Q. What are some of the outcomes of your interactions with the cohort at the SAP.iO Foundry in Berlin?

Dirk: One outcome for us was: it’s best to collaborate with accelerators rather than to run one ourselves- given the required effort, time and resources. It would take us such a long time and a lot of effort to build up something with the same quality as the SAP.iO and Techstars one.

Q. What made you decide to collaborate with the SAP.iO Foundry in Berlin?

Dirk: The portfolio! AI & ML are one search field that we pro-actively scouting, and we immediately saw some incredible opportunities. There aren’t that many accelerators in this area/ field of research or even startups. Besides, as we are SAP customers, the collaboration was even smoother.

Q. Would you recommend the program to other SAP customers? What is the real appeal or benefit?

Dirk: It gives you access to new and emerging technologies that you would otherwise not even notice, at least not for a couple of years! A lot of those startups are usually under the radar until they have gained a significant size. Teaming up with the accelerator gave us the feeling of being involved in the early stages of developing the product. Aside from providing us with early access to the products, it was also a big chance for us to influence the development –to get a more customized solution. I doubt that we would be able to have this level of customization had we teamed up at a later-stage or stumbled across them in the open market after they’ve finalized their product.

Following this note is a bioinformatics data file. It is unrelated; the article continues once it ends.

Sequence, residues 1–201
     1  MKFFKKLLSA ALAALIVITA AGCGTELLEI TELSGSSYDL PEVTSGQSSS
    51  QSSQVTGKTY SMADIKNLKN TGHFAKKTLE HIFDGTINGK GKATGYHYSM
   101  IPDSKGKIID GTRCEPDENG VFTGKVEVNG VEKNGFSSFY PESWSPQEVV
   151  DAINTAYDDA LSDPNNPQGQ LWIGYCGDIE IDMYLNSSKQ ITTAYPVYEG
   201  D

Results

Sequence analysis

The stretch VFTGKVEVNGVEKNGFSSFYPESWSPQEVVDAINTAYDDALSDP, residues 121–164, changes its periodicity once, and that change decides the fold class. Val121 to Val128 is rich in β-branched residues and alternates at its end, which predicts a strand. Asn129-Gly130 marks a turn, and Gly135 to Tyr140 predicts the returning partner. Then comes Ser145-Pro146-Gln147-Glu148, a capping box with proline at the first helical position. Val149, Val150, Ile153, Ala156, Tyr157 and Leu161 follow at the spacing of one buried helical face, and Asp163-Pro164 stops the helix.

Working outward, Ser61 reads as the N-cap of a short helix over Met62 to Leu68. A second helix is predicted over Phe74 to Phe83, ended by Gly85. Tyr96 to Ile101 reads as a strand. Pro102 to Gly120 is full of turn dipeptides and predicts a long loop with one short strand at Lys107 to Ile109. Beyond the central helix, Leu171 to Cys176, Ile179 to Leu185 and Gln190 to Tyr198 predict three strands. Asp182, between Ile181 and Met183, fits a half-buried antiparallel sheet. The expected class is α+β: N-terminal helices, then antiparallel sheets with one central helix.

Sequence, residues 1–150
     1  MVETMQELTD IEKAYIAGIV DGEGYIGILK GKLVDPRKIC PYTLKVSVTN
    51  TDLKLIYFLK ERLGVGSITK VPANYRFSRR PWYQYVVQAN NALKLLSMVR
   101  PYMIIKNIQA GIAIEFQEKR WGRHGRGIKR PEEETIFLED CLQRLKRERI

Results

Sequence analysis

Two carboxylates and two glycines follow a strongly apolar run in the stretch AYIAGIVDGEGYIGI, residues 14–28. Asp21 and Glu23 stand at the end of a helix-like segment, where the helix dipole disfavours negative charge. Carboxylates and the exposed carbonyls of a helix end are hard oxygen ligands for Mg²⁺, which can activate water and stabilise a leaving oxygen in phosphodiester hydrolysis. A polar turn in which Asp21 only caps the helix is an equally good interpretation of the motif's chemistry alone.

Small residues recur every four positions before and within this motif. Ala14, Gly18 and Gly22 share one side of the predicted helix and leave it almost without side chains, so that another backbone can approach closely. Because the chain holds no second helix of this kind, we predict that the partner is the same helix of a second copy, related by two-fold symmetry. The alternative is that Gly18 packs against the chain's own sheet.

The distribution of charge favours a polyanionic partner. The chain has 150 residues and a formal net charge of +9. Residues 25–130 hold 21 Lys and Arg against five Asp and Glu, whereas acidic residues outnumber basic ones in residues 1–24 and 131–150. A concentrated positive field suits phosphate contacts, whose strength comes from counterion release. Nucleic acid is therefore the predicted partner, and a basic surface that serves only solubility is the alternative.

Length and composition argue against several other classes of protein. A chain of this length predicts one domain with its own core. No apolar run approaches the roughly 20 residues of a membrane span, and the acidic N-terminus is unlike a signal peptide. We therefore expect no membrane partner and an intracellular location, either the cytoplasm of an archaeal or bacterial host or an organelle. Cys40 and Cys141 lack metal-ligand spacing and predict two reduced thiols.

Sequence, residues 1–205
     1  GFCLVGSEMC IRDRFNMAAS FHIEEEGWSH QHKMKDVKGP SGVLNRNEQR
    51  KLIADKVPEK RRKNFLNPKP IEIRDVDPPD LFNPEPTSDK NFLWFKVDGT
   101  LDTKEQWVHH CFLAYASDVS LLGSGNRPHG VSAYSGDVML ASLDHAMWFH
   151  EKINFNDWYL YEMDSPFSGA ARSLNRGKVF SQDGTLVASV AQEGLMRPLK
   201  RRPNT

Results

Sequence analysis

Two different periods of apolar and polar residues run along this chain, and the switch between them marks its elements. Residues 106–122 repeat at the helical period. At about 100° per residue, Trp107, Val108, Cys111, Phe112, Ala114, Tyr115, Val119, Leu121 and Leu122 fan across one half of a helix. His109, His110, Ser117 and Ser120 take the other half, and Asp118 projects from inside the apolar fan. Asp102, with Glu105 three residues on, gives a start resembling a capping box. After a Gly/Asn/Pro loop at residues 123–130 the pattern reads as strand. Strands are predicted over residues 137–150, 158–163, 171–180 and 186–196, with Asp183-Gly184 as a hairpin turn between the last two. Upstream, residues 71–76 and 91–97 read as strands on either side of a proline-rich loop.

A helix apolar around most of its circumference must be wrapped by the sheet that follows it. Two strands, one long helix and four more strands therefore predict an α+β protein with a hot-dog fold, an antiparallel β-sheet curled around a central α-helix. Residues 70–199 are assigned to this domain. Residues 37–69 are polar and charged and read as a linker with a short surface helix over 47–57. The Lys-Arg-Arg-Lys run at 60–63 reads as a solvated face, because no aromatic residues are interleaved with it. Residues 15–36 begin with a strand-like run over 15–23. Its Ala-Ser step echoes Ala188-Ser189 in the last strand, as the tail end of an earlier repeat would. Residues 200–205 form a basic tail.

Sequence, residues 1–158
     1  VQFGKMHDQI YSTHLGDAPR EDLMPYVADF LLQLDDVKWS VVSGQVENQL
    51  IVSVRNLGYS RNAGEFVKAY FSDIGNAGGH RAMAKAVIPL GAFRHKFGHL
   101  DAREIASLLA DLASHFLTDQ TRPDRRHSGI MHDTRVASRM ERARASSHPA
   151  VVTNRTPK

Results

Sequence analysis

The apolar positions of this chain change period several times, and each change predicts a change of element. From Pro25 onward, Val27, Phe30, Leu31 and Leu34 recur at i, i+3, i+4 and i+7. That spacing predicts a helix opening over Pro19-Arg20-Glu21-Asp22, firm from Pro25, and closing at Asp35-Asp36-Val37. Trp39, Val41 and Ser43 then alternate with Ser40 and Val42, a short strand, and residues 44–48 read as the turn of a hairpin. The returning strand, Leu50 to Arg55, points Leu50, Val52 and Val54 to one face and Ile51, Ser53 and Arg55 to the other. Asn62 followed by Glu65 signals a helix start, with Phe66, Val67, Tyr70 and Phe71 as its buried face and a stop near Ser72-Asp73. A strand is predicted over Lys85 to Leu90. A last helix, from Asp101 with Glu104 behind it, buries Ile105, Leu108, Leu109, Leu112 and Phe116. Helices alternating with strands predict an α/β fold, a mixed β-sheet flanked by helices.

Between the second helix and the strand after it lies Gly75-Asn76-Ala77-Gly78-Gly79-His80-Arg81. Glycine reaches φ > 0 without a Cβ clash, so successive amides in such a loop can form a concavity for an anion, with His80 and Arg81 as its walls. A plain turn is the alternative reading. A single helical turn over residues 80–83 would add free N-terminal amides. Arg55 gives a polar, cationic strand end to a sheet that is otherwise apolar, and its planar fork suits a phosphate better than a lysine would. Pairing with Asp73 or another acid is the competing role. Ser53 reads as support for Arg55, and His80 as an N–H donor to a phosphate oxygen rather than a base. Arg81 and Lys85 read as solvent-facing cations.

The integration focus that comes with the startups inside the SAP.iO Foundry is official. As SAP customers–it’s so much easier to integrate those innovative solutions into our existing IT systems because we can build on what’s already there.

Q. How do you plan to expand your involvement in the future?

Dirk: Right now, we’re talking about taking over some more mentorships, because we feel that we can provide even more to the accelerator program. So not only being a pilot customer but also mentoring and coaching the startups on how to work with corporates, how to get the right person in the corporation and how to build a proposal. Startups need to learn how to approach and work with corporations and we can help!

We’re planning on inviting the startups to come to our internal “Juice Up” sessions (just like we did last year with the startups from the 2017 cohort- Bewgle and Refineai).